Taiwanese Jiu Fen Sweet Potato Balls [九份地瓜圆]
Prep time
Cook time
Total time
Inactive time: 40 minutes to steep the sweet potato balls in ice water and syrup (so give yourself at least 2 hours - and more if you are preparing other components of the dessert)

Also, it has been a long time since I last ate the dessert so it may not be as authentic. If you managed to give this a try, let me know how you find them in the comments!
Yield: About 60 to 70 balls
Ginger Syrup
  • 250 ml water (1 cup)
  • Slice of ginger (optional)
  • 100 grams dark brown sugar (1/2 cup)
Sweet Potato Balls
  • 400 grams sweet potato (about 1 large)
  • 70 grams tapioca flour (plus extra for dusting)
  • 70 grams glutinous rice flour
Make the Ginger Syrup
  1. Bring the water and ginger (if using) to boil in a small pot. Add in the sugar, stir until sugar has dissolved and remove from heat. Let cool completely. The syrup can me made a day in advance and stored in the refrigerator.
Steam and Mash the Sweet Potato
  1. Peel the sweet potato and cut them into chunks. Steam the sweet potato for 15 to 20 minutes until they are soft.
  2. Transfer the sweet potatoes into a sieve to drain away excess moisture.
  3. Use a scraper and mash the sweet potato through the sieve. This process is a little tedious but it helps to get a fine and smooth puree without lumps.
Making the Dough and Balls
  1. Once all the sweet potato is mashed, measure out 300 grams of sweet potato puree into a large mixing bowl. The remaining sweet potato puree can be used as a sandwich filling, pancake topping or eaten just like that!
  2. Whisk the tapioca flour and glutinous rice flour together in a small bowl. Add 80% (just roughly estimate) of the flour mixture into the sweet potato puree and mix very well with a spatula, adding more flour mixture if needed to get a soft dough that does not stick to the spatula or your hands. Test if the dough is ready by taking a small piece and roll it out into a log between your hands, if it doesn't stick, it's ready. If you need more flour, mix in additional tapioca flour and glutinous rice flour in the ratio 1:1 (e.g. 10 grams tapioca flour + 10 grams glutinous rice flour). Don't add to much flour otherwise the dough will crack when you roll it out.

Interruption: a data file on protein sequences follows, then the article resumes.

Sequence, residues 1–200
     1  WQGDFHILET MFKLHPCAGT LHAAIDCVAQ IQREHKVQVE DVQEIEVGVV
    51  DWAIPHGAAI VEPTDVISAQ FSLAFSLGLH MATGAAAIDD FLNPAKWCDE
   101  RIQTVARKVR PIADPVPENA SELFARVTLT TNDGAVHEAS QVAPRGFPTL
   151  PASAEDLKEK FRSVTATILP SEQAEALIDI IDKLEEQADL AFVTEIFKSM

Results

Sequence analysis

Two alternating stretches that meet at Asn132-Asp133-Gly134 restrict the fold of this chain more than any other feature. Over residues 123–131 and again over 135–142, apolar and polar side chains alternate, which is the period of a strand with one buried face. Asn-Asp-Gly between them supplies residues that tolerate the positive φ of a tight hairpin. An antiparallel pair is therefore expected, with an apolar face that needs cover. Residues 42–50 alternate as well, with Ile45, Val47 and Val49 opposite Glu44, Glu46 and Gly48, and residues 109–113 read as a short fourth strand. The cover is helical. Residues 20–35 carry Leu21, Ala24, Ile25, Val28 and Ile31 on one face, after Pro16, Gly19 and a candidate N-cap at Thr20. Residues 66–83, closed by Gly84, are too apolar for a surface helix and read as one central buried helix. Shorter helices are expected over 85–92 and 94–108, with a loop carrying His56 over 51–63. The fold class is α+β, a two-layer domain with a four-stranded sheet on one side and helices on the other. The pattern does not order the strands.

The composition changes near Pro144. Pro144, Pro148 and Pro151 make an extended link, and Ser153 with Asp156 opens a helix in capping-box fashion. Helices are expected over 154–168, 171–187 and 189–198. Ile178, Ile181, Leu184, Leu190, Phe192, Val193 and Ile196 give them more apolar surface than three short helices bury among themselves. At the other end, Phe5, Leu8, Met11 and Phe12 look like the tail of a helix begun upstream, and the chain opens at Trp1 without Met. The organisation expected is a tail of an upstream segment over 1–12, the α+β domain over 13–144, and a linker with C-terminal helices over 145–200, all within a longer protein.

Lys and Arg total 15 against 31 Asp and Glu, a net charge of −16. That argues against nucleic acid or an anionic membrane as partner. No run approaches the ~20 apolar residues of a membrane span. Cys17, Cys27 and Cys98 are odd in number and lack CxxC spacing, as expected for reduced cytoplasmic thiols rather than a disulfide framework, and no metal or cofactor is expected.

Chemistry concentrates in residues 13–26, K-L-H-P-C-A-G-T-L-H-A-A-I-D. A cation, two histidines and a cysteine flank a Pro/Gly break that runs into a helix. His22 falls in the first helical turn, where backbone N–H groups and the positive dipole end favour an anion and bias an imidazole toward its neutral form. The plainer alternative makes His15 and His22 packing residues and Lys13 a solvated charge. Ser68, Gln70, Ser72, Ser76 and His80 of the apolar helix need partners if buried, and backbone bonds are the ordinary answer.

3. Once the dough is ready, dust the table top with tapioca flour. Take a small portion of dough and roll it out into a log about 2-cm in diameter. Cut them into 2-cm pieces, dust the cut pieces generously with tapioca flour (so they won't stick to one another) and set them aside.
  4. Repeat until all the dough is used up. The beauty of sweet potato balls is that you don't have to shape the balls, they can be left a little irregular in shapes and sizes.
Freezing Uncooked Balls
  1. Freeze whatever you are not planning on eating on the day in an airtight container lined with parchment paper and dusted with tapioca flour. Cook the frozen sweet potato balls the same way as below.
Cooking the Balls
  1. Bring a large pot of water to boil over high heat - don't use a small pot as it will longer for the water to come back to a boil. While waiting for the water to boil, get ready a large bowl of ice cold water.
  2. Add in the sweet potato balls and stir immediately to make sure they don't stick to each other and to the bottom of the pot.
  3. Cook over high heat, stirring frequently, until the balls float to the top. Let it boil for another 2 minutes. The balls will take about 5 minutes in total to cook (about 7 if they are frozen).
  4. Strain the balls and immediately transfer them into the ice water - add more ice if needed to keep the water cold. Let the balls sit in the water for 10 minutes. Strain the balls and add into the cooled/cold Ginger Syrup and steep for at least 30 minutes before serving.
  1. The sweet potato balls are best consumed on the day they are cooked, but can be stored in the refrigerator (in the syrup) for up to 2 days (the texture will be a little different though).
  1. The sweet potato balls are best with green bean soup, soy pudding, grass jelly etc.
- The sweet potato balls will have a glutinous rice flour aftertaste immediately after they are cooked, but once steeped in the syrup, the floury taste will be gone.

- The sweet potatoes can be swapped with taro (yam).

- Adapted from Feeds from Veronica
Recipe by Foodie Baker at https://www.foodiebaker.com/taiwanese-sweet-potato-balls/